WHEELING, W.Va. (WTRF) –  It’s become a bit of a Wheeling landmark, but it’s also sitting vacant. 

The former Columbia gas building on 16th Street in downtown now has a new owner and is about to get quite the makeover. 

Helping Heroes announced on Thursday that it will be calling that historic property home. What they’ll be able to do with the space will transform the way the help veterans and their families in the Ohio Valley. 

Now it’s time for us to purchase our own building and really lay down our roots and do a project here in Wheeling to be our permanent home.

R.J. Konkoleski, CEO, Helping Heroes

Two years ago Helping Heroes made the move from Moundsville to the Friendly City because 75% of the veterans they served were in the Wheeling area. With cooperation from the city, the organization is currently housed in the former OVMC complex. Now, they’re ready to expand.

Coming from a little storefront space that we had in Moundsville back in 2010 that we had to completely rehab as well, and then to be buying a six-story building in downtown Wheeling is amazing.

Jeremy Harrison, Co-Founder, Helping Heroes

Their new home will be this well-known building, originally built in 1961 by Steubenville architect John J. reiztz, for Manufacturer’s Light & Heat Company. 

Helping Heroes chose this location strategically. They it’s easier to access for the veterans they serve, especially homeless veterans who will easily be able to walk to the shelter when the new downtown location is ready.

It’s close to the library. It’s on the bus line. There’s access to education and healthcare. Banking services are all within a walkable distance which is important to our veterans.

R.J. Konkoleski, CEO, Helping Heroes

Over the years, the building has fallen into some disrepair, so it’s getting a multi-million dollar makeover. 

It will allow us the room to grow so that we’ll be able to, in the future, keep adding to our services without worrying how much space we have available or where we’re going to put new staff members we may hire.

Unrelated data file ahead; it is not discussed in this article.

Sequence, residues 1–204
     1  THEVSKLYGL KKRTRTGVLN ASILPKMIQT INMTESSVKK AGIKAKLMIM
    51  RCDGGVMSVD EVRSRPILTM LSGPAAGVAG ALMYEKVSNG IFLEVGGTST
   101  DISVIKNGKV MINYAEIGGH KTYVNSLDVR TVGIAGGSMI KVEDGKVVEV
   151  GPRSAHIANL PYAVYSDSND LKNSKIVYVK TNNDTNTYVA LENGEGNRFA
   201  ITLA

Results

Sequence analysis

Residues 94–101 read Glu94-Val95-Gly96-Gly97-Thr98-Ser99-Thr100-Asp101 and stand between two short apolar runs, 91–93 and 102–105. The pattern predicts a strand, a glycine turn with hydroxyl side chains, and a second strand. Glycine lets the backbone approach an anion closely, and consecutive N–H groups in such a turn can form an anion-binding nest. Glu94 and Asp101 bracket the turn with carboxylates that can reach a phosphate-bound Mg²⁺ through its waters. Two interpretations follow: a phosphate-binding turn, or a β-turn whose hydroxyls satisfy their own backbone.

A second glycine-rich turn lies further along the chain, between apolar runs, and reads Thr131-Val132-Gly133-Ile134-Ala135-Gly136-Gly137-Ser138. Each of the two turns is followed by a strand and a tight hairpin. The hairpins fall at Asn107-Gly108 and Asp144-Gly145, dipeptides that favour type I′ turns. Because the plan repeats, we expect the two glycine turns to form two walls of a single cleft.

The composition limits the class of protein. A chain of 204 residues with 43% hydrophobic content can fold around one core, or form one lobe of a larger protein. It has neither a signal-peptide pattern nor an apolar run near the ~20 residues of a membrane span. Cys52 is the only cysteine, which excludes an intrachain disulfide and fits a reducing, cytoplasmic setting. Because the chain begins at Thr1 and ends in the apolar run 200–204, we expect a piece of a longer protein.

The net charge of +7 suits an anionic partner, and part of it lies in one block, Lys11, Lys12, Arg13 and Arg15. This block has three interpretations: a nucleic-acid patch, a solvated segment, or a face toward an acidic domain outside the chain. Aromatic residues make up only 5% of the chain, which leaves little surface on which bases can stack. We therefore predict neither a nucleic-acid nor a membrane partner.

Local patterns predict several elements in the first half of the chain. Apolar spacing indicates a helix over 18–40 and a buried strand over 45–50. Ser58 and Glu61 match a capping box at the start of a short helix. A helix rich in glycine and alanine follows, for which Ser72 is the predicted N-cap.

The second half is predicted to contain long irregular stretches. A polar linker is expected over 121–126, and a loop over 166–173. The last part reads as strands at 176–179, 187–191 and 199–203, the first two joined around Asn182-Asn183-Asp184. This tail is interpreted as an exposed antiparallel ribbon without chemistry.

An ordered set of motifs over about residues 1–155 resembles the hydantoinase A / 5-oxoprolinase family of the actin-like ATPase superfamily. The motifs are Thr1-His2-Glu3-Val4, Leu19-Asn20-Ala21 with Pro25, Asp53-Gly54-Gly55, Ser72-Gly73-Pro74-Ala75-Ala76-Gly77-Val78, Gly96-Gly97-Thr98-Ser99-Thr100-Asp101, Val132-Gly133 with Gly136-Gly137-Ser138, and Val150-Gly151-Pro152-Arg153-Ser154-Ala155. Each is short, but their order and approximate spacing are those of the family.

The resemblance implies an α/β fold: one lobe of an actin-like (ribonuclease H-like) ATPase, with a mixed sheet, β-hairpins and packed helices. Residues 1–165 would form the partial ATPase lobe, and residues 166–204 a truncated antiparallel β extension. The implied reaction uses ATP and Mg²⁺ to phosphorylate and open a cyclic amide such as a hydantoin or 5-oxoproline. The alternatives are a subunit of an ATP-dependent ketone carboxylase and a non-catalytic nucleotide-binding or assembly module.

R.J. Konkoleski, CEO, Helping Heroes

The six floors will be transformed into rooms for an emergency shelter for homeless veterans, transitional housing, spaces for education and training, office space for employees and an area for two new programs; a resale shop and a coffee shop. All of which will be ADA compliant. 

That resale shop will provide employment and income for the veterans Helping Heroes serves. It will also be another way the community can donate and some of the items will be given to veterans as they move into permanent housing.

As for the coffee shop, it’s been in the plans for Helping Heroes for a while. In addition to a delicious cup of coffee, it also will give a place for camaraderie.

I know lots of veterans who have regular stops at coffee shops and that’s a good time for them to get together and just talk about their experiences.

Jeremy Harrison, Co-Founder, Helping Heroes

Helping Heroes is working with Kayafas Architects on designing and planning for the space.

Since this building is well-known for its distinctive outer features, like a mosaic mural, helping heroes plans to restore rather than change the exterior.

It is old enough to be listed on the national register of historic places, so we’re going to maintain the look and feel of the building. It’ll be more of a restoration project. The mural that everyone seems to love will remain outside and be part of the Wheeling streetscape.

R.J. Konkoleski, CEO, Helping Heroes

Making this big of a mark on downtown Wheeling takes time. The group anticipates it will be about 24-months before the work is finished and they can move-in. Konkoleski tells 7News he anticipates that Helping Heroes may encounter some of the same issues all construction projects have right now; the availability of building materials and supply-chain issues.

In the meantime, Helping Heroes will continue to operate at full capacity at its current location in the former OVMC building.

They have a message for the veteran community and the 300 veterans and their families they already serve. Even though it’ll be a bit of a transition period, they aren’t going anywhere and help is still there.

I always say Helping Heroes is a philosophy. It’s not a place and we will always be there to serve our veterans.

R.J. Konkoleski, CEO, Helping Heroes

If you are a veteran in need and want to learn more about Helping Heroes call 304-232-0114 or visit helpingheroesinc.org.